Islamic Art

Introduction

Summary

Summary of Islamic Art
architecture mosques
painting calligraphy/pattern decoration, illumination

General Features

Islam was founded by Muhammad in the early 600s, in what is now Saudi Arabia (see History of the Islamic Middle East). Muhammad united the Arabs into an Islamic empire known as the Caliphate, which expanded rapidly across Arabia (under Muhammad's rule) and across Southwest Asia and North Africa (under his successors). By about 650, the Caliphate had supplanted the Second Persian Empire as the dominant power of Southwest Asia, and the Byzantine Empire as the dominant power of North Africa.

Islamic culture emerged from the blending of Arabian traditions with Persian and Byzantine cultural features, which were absorbed as the Caliphate's borders expanded. This new culture radiated throughout the Muslim world. Consequently, all Islamic nations (despite their immense diversity) share a common cultural foundation, and may be referred to collectively as Islamic civilization.7

The primary fine arts of of Islamic civilization are painting (which centres on calligraphy and arabesques) and architecture.

Main Article

Islamic Architecture

The principal form of Islamic architecture is the mosque. Other great Islamic buildings, both secular (e.g. palaces) and religious (e.g. shrines, religious schools, mausoleums), comprise adaptations of the mosque aesthetic. Islamic construction is almost exclusively arched (rather than post-and-beam), reflecting the Caliphate's absorption of Byzantine and Persian architecture. A classic feature of Islamic architecture is the horseshoe arch.

Horseshoe Arches

The central component of the mosque is the prayer hall, where religious service is conducted. The prayer hall, traditionally covered with a great dome (which may be flanked with smaller domes), contains the minbar (a lectern from which sermons are delivered) and mihrab (a niche that indicates the direction of Mecca, toward which Muslims direct their prayers).7 (A lectern is an elevated desk, typically used to hold a document for public recitation.)

Another common feature is the minaret: a narrow tower with a balcony from which (traditionally) the call to prayer is sounded five times a day. Minarets are often attached to the prayer hall, or positioned around the edges of an arcaded courtyard, itself joined to the prayer hall on one side. In addition to the prayer hall and minarets, the mosque layout may be embellished with additional rooms or buildings.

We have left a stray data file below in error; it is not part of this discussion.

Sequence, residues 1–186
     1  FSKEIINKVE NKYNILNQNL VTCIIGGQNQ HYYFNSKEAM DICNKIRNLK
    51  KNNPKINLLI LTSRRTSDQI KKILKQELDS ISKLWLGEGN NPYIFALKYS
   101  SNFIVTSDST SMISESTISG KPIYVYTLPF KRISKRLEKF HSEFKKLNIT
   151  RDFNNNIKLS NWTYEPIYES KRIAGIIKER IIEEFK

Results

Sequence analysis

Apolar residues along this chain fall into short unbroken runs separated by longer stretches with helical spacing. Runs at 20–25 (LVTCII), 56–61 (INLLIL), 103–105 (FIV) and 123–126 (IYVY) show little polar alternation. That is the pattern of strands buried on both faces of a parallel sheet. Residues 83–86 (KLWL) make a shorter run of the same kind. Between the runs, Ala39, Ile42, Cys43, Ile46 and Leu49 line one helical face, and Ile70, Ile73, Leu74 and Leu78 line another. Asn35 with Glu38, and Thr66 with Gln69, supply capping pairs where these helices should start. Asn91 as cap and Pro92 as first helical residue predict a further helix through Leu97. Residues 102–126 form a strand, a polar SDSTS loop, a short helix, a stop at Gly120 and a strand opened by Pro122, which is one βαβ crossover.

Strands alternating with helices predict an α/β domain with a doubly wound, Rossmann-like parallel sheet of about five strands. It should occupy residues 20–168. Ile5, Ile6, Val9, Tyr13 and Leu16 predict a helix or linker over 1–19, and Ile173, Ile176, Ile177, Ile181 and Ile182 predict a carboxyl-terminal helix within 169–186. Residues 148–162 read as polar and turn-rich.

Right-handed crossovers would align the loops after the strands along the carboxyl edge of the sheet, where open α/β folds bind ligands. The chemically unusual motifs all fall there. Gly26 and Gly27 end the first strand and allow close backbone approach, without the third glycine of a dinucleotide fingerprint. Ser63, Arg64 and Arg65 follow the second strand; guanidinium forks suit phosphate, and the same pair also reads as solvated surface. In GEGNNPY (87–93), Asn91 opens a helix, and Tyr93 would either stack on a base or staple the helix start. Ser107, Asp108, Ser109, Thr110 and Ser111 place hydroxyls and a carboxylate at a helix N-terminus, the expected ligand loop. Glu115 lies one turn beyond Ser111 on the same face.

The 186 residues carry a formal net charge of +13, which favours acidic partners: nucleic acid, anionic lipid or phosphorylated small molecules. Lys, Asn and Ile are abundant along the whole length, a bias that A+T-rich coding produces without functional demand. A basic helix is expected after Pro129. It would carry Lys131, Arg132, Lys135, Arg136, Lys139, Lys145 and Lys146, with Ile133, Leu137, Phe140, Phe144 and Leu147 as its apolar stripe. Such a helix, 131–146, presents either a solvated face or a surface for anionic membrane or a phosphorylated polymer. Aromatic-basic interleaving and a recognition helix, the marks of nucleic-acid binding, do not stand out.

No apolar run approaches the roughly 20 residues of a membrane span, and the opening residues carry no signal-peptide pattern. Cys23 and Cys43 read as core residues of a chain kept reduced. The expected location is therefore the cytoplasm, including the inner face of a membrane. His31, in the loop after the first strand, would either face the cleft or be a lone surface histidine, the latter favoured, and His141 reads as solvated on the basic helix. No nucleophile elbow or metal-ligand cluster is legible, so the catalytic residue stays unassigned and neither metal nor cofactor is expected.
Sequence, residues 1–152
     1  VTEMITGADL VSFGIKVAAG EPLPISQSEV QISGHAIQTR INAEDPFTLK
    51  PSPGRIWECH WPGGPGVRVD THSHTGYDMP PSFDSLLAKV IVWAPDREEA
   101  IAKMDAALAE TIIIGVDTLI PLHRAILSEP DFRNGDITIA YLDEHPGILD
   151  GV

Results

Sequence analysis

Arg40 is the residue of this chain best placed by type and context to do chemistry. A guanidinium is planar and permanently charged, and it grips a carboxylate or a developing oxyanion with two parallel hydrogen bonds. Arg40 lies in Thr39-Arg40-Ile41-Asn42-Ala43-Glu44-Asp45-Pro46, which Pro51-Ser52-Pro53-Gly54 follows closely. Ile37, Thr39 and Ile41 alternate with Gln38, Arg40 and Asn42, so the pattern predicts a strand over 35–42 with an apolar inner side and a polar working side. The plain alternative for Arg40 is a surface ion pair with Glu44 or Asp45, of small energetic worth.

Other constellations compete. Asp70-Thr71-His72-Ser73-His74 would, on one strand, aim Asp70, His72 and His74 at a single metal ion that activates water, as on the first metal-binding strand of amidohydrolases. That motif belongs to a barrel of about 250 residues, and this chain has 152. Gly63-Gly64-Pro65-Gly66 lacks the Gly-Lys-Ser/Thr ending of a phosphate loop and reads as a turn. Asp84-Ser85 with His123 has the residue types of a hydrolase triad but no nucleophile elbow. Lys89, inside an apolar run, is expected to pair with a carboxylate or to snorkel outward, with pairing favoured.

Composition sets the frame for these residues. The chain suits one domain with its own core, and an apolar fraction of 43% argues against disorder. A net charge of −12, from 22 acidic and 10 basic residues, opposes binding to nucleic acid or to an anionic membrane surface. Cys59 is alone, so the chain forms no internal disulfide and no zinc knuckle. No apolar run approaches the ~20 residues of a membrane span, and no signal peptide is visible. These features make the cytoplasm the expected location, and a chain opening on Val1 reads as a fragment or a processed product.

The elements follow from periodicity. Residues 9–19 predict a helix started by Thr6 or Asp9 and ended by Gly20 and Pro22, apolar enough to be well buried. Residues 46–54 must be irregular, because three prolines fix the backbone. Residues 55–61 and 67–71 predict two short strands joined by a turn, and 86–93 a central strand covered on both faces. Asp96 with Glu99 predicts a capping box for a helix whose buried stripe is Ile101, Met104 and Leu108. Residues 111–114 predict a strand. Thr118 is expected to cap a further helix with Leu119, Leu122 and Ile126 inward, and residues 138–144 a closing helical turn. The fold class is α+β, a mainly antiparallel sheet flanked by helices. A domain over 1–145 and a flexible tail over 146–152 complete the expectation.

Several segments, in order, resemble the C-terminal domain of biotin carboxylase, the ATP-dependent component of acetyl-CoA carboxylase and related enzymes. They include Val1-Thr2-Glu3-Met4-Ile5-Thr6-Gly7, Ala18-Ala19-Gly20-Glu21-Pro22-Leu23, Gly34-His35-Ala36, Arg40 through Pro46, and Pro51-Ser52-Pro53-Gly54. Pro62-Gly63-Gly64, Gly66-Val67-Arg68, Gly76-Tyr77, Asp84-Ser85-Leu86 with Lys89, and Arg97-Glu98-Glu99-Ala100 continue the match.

The weekly Islamic religious service, which includes a sermon and group prayer, takes place on Friday. Many of the world's mosques consequently bear the name Friday Mosque.

Typical Mosque Layout
Mosque in Syria
Mosque in Iran
Mosque in Turkey
Mihrab and Minbar

Islamic Painting

Given that Islamic civilization has traditionally prohibited the depiction of figures in visual art, Islamic painters concentrated their efforts on calligraphy and intricate patterns. The latter may be purely abstract, or may feature floral elements.D161 The term arabesque, meaning "intricate pattern", springs from the predominance of such patterns in Islamic art.

Calligraphy and arabesques are found in abundance upon Islamic architecture (e.g. painted ceramic tiles, mosaics, tracery) and decorative art (e.g. ceramics, metalwork, textiles).

Calligraphy and Pattern Decoration of a Mihrab
Calligraphy and Pattern Decoration of a Minaret
Calligraphy and Pattern Decoration of a Dome Interior
Islamic Dish
Islamic Textile
Islamic Glassware
Islamic Metalwork

The prohibition of figures in Islamic visual art has generally been strictly enforced, with one major exception: manuscript illumination. In stark contrast to the abstraction of most Islamic visual art, the pages of many Islamic manuscripts feature lush representations of the physical world, including human figures. The scope of Islamic illumination was limited in two ways, however: only secular subjects (with rare exceptions) were treated, and illumination only flourished in the Persianate branch of the Islamic world.F104,H339,27

Branches of Islamic Culture

Islamic illumination is clearly rooted in the civilization's long tradition of flat patterns. Figures (and their physical environments) are not rendered in a realistic, three-dimensional manner, but rather as outlined areas of flat colour. A typical scene is filled with many pattern-covered areas, such as clothing, architectural surfaces, and foliage.F104,H342

Islamic Illumination
Islamic Illumination
Islamic Illumination
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